Open source news roundup for December 11-24, 2016

Kickstarter open sources its mobile apps, OpenOffice for small business, and more news

Open source news roundup for December 11-24, 2016
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In this edition of our open source news roundup, we take a look at Kickstarter making the code for its iOS and Android apps open source, UNICEF and Malawi announcing the first humanitarian drone testing corridor in Africa, and more.


Open source news roundup for December 11-24, 2016

Kickstarter Android and iOS apps become open source

Kickstarter has made its Android and iOS apps open source. TechCrunch's article about the release states that release of the source code is "in keeping with the company's goal of giving startups a bit of a leg up" and that the move was inspired by Kickstarter becoming a Public Benefit corporation with this move "playing into that larger idea of giving something back to the larger development community." The source code for the apps can be found on GitHub.

Small Business Trends looks at Apache OpenOffice for use in small businesses

Small Business Trends, an online publication aimed at small business owners and entrepreneurs, published an article about why businesses should use Apache OpenOffice. The article explores many of the reasons why Apache OpenOffice is a good match for business users. LibreOffice does get a brief mention as a competing product, but all the points the article makes about Apache OpenOffice also applies to LibreOffice. While most of the points made in the article will be very familiar to regular users of Apache OpenOffice or LibreOffice, it is always nice to see a positive recommendation for open source software in a non-open source specific publication, and this article is an excellent thing to keep on hand to share with people unsure about using open source software in their business.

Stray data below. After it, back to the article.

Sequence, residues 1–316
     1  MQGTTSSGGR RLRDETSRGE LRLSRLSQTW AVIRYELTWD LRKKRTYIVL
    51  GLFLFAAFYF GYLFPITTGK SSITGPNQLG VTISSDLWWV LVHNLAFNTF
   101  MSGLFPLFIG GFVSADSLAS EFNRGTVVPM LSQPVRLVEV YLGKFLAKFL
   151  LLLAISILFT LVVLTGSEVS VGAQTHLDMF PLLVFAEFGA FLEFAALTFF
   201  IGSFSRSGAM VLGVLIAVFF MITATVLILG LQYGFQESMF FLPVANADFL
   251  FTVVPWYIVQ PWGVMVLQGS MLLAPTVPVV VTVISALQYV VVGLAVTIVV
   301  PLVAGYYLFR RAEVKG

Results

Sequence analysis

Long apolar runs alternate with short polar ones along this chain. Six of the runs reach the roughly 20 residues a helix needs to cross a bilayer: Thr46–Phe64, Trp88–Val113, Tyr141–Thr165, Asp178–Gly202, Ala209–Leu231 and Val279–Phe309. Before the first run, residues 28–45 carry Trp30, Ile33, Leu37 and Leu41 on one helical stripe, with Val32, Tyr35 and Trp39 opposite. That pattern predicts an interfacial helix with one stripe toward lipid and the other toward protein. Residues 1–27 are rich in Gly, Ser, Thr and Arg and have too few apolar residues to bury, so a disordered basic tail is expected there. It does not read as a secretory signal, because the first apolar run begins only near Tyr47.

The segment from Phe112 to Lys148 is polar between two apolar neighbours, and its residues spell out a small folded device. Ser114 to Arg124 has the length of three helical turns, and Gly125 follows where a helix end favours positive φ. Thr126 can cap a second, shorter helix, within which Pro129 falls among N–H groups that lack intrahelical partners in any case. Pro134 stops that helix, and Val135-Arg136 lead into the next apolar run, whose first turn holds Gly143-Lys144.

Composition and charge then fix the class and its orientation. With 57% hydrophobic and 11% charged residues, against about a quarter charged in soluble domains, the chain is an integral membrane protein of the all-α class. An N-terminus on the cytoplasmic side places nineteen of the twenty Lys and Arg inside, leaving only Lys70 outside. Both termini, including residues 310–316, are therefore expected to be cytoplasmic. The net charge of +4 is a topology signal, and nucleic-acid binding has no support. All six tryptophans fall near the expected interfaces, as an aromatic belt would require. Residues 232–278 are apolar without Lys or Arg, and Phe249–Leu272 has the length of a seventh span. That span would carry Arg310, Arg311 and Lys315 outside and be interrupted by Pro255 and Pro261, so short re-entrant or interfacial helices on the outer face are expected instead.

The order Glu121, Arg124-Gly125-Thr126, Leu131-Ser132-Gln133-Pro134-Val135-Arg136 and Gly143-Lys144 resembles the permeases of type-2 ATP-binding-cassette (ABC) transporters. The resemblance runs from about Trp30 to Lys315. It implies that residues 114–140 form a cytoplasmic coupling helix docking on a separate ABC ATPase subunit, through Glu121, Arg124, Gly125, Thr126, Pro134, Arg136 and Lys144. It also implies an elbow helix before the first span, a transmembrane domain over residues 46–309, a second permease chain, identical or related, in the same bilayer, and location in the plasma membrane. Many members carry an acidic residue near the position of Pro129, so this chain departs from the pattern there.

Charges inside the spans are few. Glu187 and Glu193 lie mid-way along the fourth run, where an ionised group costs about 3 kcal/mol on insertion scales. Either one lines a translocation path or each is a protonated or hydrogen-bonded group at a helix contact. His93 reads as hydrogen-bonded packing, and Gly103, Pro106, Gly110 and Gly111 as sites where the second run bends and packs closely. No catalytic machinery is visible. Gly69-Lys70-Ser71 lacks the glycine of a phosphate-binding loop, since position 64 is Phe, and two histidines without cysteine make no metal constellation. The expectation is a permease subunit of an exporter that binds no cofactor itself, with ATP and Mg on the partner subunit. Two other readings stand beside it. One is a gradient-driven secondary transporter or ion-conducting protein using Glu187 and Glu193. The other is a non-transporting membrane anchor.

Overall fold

Fostering citizen participation in government with open source and open data

ZDNet's Anna Solana published an article looking at the use of the use of open digital platforms for fostering citizen participation in government in Spain. Solana's article is pragmatic, looking at successes and failures, but many of the key quotes come from CEOs of companies that think that open platforms for collaboration are the future, despite any hurdles. Overall, the article is a excellent overview of real efforts to implement open government digital platforms, making it a worthwhile read for anyone attempting to foster the growth of such platforms in their own region.

The first humanitarian drone testing corridor in Africa

UNICEF and the Government of Malawi announced the establishment of an air corridor for testing humanitarian uses for drones. Scheduled to be fully operational by April 2017, the air corridor will be used to explore how drones can be used to deliver beneficial services to communities. Testing will focus on three main areas: "generating and analyzing aerial images for development and during humanitarian crises," "exploring the possibility for [drones] to extend Wi-Fi or cellphone signals across difficult terrain," and "delivery of small low weight supplies such as emergency medical supplies, vaccines and samples for laboratory diagnosis." The projects will "abide by the UNICEF innovation principles—meaning open source, open data, sharable, designed for scale."

In other news

Thanks, as always, to Opensource.com staff members and moderators for their help this week. Make sure to check out our event calendar, to see what's happening next week in open source.

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About the author

Joshua Allen Holm
Joshua Allen Holm - Joshua Allen Holm is a Grand Rapids, Michigan, based writer and technology consultant. As one of Opensource.com's community moderators, he writes articles about open access, open education, and open source software. You can find Joshua on GitHub and Zotero, or email him at: holmja@opensource.com.